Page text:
One oft-touted perk of cycling is a “zero-emissions” form of transportation. This of course is over-simplified – and slightly overstated – but it is true that the greenhouse gas (GHG) emissions that result from riding a bike are far less than other forms of transportation. The European Cycling Federation (ECF) recently published a study comparing the emissions from different forms of transportation and was able to quantify the emission of carbon dioxide (the most abundant GHG) resulting from the production, operation, and maintenance for bicycles, cars, and buses (1). They calculated that riding a bicycle contributes about 21g of emissions per kilometer traveled. Of that amount, 16g is attributable to the “fuel” – the food energy consumed by the rider. Since food is quite literally a cyclist’s fuel, their already-minimal emissions could be reduced much further by consuming a diet featuring local and sustainable menu choices. It should also be noted here that the emissions for electric-assist bikes was calculated to be an almost-identical 22g/km. The emissions for a bus at average occupancy was found to be about 101g/km per passenger, or approximately 5x the emissions of riding a bike. The emissions for automobiles was calculated conservatively taking into account average number of passengers, size and efficiency of the vehicle, and type of driving. In this study, they reported an average for European drivers of 271g/km, or 13x more greenhouse gas pollution per distance traveled compared to a bike. Since the actual distances traveled are on average much greater for motorized transit, the relative benefit of cycling is even greater. Increasing cycling in our transportation mix and thereby reducing usage of motorized vehicles will reduce the overall emissions from our transportation systems.

Group in green shirts that read "I'm Greener than this shirt

Biking is a near-zero-emissions transportation option. Photo credit: Norco Bikes via Flikr.

The ECF analysis only considered the GHG emissions, particularly carbon dioxide; these are considered harmful emissions due to their potential to influence climate change. As many people now realize, global climate change is recognized as a significant environmental challenge and has been linked to many serious public health and safety issues (including rising sea level, increased severe weather events and intensity, water scarcity, loss of agricultural productivity, species loss, air pollution, ocean acidification, and more). Motorized transportation is also associated with particulates and other forms of air pollution which are considered harmful to the environment and human health but were not considered in the above study. The more than communities can support transitioning to less-polluting transportation, the easier and less costly it will be to mitigate against the future impacts of these harmful emissions. As a transportation alternative, cycling certainly offers significant reductions in GHG emissions compared to motorized vehicles.

The ECF analysis also did not attempt to quantify the impact resulting from the infrastructure of each modality, but this is certainly another distinct difference between active- and motorized-transit. In another recent study done by the San Francisco Bicycle Coalition, they found that the cost of building protected bikeways was more than 100x less expensive per mile than roadways (2). The total distance of bikeways also tends to be smaller, and the associated maintenance is less frequent, so again the relative benefits are even greater than the figured cited. Beyond the costs, there are significant differences in the environmental impacts resulting from the infrastructure of different transit systems.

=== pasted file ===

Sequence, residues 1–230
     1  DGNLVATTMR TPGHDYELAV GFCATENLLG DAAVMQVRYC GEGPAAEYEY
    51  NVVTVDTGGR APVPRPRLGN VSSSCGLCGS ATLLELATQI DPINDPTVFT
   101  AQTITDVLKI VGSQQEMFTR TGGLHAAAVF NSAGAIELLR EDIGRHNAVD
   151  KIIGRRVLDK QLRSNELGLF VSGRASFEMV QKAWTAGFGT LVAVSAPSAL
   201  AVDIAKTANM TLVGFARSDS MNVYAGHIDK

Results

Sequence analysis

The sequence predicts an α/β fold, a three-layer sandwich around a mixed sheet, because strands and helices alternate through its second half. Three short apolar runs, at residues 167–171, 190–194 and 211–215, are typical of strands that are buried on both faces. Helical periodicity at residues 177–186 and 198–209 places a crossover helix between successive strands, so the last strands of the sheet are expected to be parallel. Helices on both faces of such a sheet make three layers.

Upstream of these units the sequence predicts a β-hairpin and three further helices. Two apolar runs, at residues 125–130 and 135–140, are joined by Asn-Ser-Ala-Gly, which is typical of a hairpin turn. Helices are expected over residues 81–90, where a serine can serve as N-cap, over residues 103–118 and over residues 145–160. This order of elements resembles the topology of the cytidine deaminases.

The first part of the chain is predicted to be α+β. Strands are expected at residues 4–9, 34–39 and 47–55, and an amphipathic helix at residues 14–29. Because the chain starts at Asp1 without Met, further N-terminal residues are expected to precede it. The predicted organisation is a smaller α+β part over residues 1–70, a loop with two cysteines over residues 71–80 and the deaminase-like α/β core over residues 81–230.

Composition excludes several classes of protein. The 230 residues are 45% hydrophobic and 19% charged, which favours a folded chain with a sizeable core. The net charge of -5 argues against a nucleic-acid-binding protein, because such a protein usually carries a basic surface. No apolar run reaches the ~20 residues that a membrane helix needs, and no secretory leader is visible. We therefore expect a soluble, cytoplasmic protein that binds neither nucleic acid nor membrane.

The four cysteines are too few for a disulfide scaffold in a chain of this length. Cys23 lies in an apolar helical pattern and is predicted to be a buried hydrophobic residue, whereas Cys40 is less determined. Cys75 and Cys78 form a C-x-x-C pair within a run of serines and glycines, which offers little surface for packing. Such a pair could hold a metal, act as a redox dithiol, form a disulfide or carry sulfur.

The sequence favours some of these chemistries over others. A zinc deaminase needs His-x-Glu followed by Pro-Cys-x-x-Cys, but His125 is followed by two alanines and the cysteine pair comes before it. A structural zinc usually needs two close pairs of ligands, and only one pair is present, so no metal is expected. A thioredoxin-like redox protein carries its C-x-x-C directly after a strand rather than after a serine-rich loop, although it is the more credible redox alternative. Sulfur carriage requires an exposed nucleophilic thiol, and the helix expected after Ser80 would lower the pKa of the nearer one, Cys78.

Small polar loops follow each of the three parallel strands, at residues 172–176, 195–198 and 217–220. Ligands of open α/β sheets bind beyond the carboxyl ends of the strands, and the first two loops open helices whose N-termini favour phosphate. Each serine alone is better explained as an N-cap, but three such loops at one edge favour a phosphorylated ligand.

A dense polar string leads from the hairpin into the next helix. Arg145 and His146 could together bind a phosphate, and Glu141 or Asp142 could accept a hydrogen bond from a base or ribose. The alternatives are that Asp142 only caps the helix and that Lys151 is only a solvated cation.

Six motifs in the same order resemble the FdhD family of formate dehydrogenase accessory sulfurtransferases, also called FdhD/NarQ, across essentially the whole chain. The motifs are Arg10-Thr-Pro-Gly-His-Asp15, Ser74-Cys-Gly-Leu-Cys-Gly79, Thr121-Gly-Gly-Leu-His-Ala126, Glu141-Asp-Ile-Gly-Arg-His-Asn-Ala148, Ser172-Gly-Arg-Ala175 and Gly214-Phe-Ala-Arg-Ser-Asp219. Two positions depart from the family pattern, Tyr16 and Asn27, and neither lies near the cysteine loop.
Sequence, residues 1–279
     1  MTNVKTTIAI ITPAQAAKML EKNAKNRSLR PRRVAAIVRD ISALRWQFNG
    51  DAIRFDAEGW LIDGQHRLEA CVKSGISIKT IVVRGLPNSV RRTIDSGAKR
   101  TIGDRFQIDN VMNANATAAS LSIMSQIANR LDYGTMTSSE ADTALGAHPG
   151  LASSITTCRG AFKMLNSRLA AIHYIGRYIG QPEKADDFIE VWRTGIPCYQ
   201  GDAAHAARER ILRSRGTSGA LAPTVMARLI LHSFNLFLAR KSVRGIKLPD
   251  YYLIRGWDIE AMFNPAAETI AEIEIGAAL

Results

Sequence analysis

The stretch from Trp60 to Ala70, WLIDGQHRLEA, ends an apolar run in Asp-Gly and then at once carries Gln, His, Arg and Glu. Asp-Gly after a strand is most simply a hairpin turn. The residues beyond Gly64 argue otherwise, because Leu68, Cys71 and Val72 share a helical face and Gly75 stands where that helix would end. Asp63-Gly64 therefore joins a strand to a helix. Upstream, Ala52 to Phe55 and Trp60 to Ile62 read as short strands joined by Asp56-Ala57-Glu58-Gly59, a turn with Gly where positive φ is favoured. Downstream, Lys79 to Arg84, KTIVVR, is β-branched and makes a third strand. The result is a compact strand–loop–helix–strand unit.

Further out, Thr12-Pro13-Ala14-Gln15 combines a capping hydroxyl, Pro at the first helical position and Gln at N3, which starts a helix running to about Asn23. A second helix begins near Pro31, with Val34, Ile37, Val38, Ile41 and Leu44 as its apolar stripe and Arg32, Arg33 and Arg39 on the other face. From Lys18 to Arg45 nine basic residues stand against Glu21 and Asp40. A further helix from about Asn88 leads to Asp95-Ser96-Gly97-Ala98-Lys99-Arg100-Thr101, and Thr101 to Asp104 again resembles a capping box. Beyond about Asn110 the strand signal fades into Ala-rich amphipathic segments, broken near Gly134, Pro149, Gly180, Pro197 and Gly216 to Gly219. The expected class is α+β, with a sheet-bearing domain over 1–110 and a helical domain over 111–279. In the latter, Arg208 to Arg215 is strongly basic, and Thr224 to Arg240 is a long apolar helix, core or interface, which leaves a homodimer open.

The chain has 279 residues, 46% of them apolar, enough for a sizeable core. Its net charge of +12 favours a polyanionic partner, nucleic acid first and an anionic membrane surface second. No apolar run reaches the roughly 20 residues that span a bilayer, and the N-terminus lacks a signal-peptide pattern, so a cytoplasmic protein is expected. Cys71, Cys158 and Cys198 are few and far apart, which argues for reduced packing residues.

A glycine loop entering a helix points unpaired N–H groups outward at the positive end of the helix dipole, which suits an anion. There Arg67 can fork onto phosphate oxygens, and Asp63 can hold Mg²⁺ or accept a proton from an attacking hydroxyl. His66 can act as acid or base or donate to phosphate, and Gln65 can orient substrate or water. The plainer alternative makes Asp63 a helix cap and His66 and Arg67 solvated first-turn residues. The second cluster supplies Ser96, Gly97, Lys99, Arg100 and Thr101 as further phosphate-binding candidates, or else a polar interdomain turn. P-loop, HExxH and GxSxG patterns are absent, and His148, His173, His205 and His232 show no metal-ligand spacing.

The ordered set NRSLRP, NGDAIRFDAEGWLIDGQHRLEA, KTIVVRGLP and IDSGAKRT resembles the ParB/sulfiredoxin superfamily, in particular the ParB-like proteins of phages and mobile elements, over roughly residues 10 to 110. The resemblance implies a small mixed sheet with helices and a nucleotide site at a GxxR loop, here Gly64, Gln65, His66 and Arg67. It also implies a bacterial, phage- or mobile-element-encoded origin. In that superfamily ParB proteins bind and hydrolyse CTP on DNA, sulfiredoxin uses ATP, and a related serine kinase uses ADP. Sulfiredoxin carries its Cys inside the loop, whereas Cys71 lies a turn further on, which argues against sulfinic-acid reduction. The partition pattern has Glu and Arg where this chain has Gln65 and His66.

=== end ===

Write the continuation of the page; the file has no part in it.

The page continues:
In addition to the costs of building and maintaining motor vehicle infrastructure, another significant impact is the physical space that is occupied by the infrastructure. A typical cloverleaf intersection, for example, occupies 10-20 acres of space. More and larger roadways increases the distance between destinations, and is a major contributor to urban sprawl and habitat loss for wildlife. More cars also require more spaces for parking, especially with many city ordinances requiring businesses to provide abundant parking even if it rarely is fully occupied. The ECF study estimated that parking spaces alone might increase the total impact of automotive transit by 10% — an additional 27g/km, and more than the total impact of using a bicycle. In many US cities, automotive infrastructure accounts for 33-50% of the total area of a city. This is an astounding figure, and yet many people simply accept this reality as an inevitability of modern society. By decreasing the use and dependence on cars, bicycles allow higher-density more efficient urban development which reduces costs and impacts.

A hyper-abundance of motor vehicle infrastructure and the associated urban sprawl is negatively correlated with measures of community walkability and quality of life. The further apart places are located and the more roadways between those places, the more challenging and dangerous it becomes for pedestrians and cyclists to travel within their communities. The impermeable surfaces which nearly always comprise this infrastructure are further associated with more detrimental environmental impacts, including increased stormwater runoff, water scarcity, and the urban “heat island” effect. Because the automotive infrastructure is impermeable to surface precipitation, it creates runoff which must be managed rather than allowed to absorb into the ground or natural systems and can lead to erosion, flooding, and pollution of surface waters from oil and debris found on and along roadways. As the surface runoff is carried away into larger bodies of water, it isn’t allowed to absorb into the ground where it would eventually seep into the underground aquifers that many communities depend on for drinking water, agriculture, and industrial uses; in this way roads also contribute to water scarcity. And because the infrastructure absorbs solar radiation during the day and re-radiates it into the atmosphere, it increases local temperatures in an effect known as the “urban heat island”. It is estimated that this effect might account for as much as 10 degrees (F) of heating in urban environments on sunny days. All of these negative impacts can be reduced by increasing the share of safe and convenient active-transportation choices in our overall transportation system.

Clearly active transportation offers some significant advantages compared to motorized options, including major reductions in environmental impacts. Increasing cycling and walking as viable transportation alternatives is therefore an important priority.